Denver County Jail Substance Abuse Treatment Program Uses Peer Recovery Model

The Denver County Jail uses a peer recovery model to help inmates take a more active role in their substance abuse treatment, The Denver Post reports. Participants in the program work together, along with clinicians, in day-long sessions to hold one another accountable for their choices. The program runs six days a week, from 7 a.m. to 4 p.m.

The jail is the only one in the state, and one of only a few in the nation, to use the Recovery in a Safe Environment program, the article notes. It has been running since 2011. Some inmates join voluntarily, while others are required to participate as part of their sentence. Last year, 208 men and 128 women participated in the program.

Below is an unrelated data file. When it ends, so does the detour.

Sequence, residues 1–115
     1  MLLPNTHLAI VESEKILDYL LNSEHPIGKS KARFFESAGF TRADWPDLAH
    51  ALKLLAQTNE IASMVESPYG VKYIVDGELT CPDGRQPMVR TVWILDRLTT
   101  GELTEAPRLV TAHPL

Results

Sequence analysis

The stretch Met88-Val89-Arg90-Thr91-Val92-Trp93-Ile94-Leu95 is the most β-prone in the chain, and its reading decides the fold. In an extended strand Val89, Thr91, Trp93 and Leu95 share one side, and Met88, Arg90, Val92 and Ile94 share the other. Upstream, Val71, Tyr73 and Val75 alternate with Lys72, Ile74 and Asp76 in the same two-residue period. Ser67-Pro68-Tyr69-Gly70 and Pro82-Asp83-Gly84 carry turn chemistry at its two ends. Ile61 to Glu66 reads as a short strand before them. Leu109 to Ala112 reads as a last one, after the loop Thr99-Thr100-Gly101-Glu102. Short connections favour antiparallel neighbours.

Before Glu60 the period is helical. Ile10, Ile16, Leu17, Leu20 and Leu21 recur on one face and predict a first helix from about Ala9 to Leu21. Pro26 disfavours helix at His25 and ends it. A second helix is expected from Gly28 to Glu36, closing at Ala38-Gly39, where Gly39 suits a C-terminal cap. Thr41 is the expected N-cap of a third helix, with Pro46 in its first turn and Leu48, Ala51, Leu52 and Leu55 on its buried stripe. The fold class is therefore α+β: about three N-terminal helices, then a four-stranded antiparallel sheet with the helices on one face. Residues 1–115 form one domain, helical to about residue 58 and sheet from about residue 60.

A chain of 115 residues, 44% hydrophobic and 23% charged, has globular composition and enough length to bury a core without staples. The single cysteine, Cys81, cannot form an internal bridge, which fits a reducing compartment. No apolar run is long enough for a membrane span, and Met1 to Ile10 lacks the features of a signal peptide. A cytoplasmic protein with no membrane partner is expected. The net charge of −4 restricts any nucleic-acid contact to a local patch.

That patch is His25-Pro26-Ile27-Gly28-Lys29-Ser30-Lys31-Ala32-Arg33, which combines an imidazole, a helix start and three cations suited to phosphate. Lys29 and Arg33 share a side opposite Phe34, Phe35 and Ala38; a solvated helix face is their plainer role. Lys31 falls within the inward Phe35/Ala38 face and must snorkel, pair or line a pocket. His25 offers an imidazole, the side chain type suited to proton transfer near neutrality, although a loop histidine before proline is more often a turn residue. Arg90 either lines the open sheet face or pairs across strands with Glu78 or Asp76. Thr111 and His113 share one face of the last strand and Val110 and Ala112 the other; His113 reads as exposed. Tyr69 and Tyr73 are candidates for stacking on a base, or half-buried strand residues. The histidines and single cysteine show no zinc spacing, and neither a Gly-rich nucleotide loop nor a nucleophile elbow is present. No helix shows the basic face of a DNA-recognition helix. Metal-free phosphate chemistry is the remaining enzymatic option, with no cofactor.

“The majority of the programming is run by inmates, which makes them more invested in the process and gives them an opportunity to take a more active role in their recovery,” Jamie Jackson, Program Administrator for the Denver County Jail, told the newspaper. “It really is a unique environment. Generally when you come to jail, you don’t ever want to show any type of weakness, but these men and women are letting their guard down.”

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    jboside

    January 22, 2014 at 5:36 PM

    Social Model programs have been working for 50 years here in California. Low cost and effective.

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    Andrew

    January 22, 2014 at 12:18 PM

    The article does very little to encourage me that these prisoners are receiving proper care and counseling. Are the peers trained? If so, by whom? Is the program certified by the state or a national body? Peer treatment is only effective if the peers providing the counseling are competent and highly trained in evidence based practices.

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